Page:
Employees for Highland Township will get a small pay increase in 2013, the first since wages were frozen in 2008, according to outgoing Supervisor Triscia Pilchowski.
Pilchowski, who's last day was Friday, said the township board had been very conservative in their budgets throughout the years and were finally in a position to be able to give back to the township employees who have had their full-time hours cuts and wages frozen for at least four years.
"I am very happy with the 2013 budget," Pilchowski said. "I think we took the steps we needed to starting in 2003, and were able to carve back expenses and put us in the position we are in now. I think Highland Township is in a good place fiscally."
For 2013, the township is budgeted to bring in more than $2.2 million in revenue, and have $2.2 million in expenses.
The biggest expense incurred continues to be employee wages and benefits, along with retiree costs. The township is expected to spend more than $500,000 in general government personnel costs for 2013.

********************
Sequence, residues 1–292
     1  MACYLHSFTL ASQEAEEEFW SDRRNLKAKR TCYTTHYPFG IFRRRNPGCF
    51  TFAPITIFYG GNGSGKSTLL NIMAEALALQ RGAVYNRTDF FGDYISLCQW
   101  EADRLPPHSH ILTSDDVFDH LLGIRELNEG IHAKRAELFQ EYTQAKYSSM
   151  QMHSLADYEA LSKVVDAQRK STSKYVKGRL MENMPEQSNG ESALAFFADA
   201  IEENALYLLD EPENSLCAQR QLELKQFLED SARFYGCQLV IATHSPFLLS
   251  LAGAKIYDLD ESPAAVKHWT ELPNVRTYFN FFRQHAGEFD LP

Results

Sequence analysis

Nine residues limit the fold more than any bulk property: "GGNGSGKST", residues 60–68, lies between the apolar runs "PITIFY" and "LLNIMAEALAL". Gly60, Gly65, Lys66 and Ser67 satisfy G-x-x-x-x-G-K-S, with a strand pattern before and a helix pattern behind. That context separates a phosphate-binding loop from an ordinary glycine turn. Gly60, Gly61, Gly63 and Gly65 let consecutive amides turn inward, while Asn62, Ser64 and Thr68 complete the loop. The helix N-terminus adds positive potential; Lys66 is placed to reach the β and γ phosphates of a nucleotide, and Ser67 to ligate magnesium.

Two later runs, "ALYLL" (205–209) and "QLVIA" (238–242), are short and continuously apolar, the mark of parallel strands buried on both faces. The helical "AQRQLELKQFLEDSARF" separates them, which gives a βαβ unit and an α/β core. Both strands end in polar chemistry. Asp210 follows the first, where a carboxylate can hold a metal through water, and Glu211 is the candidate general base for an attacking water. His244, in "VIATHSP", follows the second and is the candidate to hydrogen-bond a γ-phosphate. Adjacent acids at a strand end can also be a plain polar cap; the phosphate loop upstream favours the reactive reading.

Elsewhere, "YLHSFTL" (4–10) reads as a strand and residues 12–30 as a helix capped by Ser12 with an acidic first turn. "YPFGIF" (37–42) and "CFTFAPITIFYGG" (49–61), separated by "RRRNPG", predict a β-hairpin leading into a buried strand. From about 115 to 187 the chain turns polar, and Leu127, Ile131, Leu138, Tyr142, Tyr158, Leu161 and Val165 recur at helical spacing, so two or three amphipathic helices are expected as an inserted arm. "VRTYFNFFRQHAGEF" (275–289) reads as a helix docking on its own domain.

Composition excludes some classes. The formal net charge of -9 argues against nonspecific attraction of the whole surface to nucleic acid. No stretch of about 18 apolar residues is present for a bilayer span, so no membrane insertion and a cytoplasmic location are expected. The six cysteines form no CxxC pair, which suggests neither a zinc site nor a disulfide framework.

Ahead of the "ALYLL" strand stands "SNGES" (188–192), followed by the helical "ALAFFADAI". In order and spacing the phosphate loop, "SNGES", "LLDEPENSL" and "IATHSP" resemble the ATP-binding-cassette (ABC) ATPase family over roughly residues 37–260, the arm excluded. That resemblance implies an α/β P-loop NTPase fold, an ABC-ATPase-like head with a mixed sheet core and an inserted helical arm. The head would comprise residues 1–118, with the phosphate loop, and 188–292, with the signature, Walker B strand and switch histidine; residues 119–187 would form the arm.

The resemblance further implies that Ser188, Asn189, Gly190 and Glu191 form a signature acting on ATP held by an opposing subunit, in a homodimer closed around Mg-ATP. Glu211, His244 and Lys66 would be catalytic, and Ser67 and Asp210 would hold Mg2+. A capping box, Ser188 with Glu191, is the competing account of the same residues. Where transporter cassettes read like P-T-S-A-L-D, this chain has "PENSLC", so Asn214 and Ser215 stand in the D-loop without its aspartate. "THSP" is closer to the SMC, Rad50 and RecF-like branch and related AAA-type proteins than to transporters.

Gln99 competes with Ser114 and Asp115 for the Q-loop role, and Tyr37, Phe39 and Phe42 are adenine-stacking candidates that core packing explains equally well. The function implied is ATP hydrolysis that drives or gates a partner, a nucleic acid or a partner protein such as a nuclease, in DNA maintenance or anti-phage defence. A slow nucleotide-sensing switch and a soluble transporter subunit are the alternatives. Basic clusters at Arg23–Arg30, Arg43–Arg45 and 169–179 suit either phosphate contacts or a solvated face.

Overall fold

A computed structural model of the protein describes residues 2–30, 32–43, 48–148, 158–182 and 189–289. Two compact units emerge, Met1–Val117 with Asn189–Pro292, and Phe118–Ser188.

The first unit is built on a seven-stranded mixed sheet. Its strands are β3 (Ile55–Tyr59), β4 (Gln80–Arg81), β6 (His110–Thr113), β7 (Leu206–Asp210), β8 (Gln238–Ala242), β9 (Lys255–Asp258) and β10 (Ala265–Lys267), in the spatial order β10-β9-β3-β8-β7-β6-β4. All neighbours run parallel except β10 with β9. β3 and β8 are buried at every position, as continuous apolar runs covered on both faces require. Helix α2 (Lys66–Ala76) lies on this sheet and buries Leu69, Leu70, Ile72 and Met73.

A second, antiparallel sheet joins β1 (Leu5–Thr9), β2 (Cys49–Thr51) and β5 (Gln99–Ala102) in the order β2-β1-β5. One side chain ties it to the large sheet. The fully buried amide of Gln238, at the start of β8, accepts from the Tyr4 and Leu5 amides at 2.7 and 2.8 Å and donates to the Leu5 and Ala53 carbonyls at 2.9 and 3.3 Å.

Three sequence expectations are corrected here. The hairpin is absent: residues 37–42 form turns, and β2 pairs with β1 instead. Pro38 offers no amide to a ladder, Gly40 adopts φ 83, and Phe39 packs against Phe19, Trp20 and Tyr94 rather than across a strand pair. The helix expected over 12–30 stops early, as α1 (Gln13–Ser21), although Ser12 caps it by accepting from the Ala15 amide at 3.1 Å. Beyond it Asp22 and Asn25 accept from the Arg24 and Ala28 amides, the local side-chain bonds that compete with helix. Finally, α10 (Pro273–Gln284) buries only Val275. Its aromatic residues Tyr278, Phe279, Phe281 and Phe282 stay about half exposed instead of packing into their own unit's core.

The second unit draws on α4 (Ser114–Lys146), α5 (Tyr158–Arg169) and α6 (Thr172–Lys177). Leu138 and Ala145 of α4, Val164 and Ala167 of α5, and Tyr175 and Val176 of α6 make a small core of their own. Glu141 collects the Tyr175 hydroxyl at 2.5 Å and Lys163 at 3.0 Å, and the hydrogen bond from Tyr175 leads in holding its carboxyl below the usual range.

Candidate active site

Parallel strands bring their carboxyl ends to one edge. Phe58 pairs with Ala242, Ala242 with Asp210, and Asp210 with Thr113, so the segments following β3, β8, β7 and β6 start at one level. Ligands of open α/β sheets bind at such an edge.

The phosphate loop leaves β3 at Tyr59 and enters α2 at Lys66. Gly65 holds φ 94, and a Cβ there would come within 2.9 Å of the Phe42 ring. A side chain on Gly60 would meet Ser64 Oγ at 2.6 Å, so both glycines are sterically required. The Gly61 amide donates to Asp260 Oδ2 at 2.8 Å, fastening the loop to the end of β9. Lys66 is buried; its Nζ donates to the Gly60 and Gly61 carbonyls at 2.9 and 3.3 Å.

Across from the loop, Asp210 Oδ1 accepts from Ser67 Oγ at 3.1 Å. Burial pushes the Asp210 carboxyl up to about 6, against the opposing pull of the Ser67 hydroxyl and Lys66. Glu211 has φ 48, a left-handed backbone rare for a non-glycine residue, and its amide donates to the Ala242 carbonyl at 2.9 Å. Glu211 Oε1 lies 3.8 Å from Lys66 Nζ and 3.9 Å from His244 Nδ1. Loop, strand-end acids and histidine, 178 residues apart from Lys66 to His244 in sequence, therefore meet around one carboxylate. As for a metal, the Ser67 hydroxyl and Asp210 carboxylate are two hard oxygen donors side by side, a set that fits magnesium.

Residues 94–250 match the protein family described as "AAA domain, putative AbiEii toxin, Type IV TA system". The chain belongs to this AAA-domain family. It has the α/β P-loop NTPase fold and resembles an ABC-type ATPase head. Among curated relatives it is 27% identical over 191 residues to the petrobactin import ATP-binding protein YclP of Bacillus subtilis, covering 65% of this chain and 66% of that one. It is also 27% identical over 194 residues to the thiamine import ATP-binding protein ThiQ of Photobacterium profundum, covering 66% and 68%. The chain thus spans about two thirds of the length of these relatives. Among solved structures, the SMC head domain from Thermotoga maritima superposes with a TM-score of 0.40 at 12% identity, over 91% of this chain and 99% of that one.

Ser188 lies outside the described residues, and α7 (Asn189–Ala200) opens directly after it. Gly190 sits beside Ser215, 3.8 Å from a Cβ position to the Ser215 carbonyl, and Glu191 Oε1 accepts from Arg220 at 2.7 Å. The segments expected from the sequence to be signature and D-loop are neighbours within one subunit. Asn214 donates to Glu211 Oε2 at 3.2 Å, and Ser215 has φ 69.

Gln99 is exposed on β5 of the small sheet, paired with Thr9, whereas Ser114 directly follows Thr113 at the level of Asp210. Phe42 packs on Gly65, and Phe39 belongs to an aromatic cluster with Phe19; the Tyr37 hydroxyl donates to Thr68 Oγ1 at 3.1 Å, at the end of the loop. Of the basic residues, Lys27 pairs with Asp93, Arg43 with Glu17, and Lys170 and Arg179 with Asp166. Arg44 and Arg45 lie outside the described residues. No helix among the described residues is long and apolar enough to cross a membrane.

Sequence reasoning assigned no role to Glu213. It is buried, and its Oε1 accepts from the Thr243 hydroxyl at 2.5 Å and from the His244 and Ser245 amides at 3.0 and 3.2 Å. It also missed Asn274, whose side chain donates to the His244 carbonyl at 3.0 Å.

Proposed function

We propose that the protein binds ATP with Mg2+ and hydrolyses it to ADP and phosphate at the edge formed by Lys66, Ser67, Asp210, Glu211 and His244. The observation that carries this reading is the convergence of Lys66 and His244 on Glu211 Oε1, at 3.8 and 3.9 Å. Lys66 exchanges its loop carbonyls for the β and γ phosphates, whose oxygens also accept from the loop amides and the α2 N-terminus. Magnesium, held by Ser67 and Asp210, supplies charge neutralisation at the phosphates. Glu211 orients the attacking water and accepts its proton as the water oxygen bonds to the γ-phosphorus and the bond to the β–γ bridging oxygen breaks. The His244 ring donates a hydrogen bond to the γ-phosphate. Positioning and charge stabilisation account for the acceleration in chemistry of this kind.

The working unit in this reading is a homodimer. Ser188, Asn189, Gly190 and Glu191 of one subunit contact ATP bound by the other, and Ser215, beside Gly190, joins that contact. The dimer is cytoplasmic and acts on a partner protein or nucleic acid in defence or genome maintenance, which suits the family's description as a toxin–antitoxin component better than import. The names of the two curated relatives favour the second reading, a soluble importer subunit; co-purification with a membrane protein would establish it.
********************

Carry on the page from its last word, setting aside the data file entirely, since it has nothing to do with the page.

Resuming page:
For revenue, while poperty taxes continue to decline, down approximately $80,000 from 2012, the township will bring in $310,500. The township will also receive a projected $1.4 million in sales tax revenue from the state.
The vote to approve the budget was made at a special meeting Friday morning, and the vote was unanimous in favor of the proposed budget. Township Trustee Russ Tierney was absent from the vote.
Tierney spoke about the budget during last week's township meeting Wednesday night, and stated he wasn't necessarily happy with the pay increases given in the 2013 budget - stating the township needs to be careful and to continue to be conservative with the taxpayers dollars.
"I think with the cost of health care continuing to rise and the retiree expenses we have, that we need to be careful with how we budget," he said.
Pilchowski said that while some members, like Tierney, might have had concerns with the pay increase, she didn't feel it was right to not give it under the circumstances, "We are in a good place now," she said. "In the years when we couldn't give those increases, we didn't. I don't think it's fair that in a year when we can afford to reward the employees that we don't. It's only a two percent increase and I think it was the right thing to do."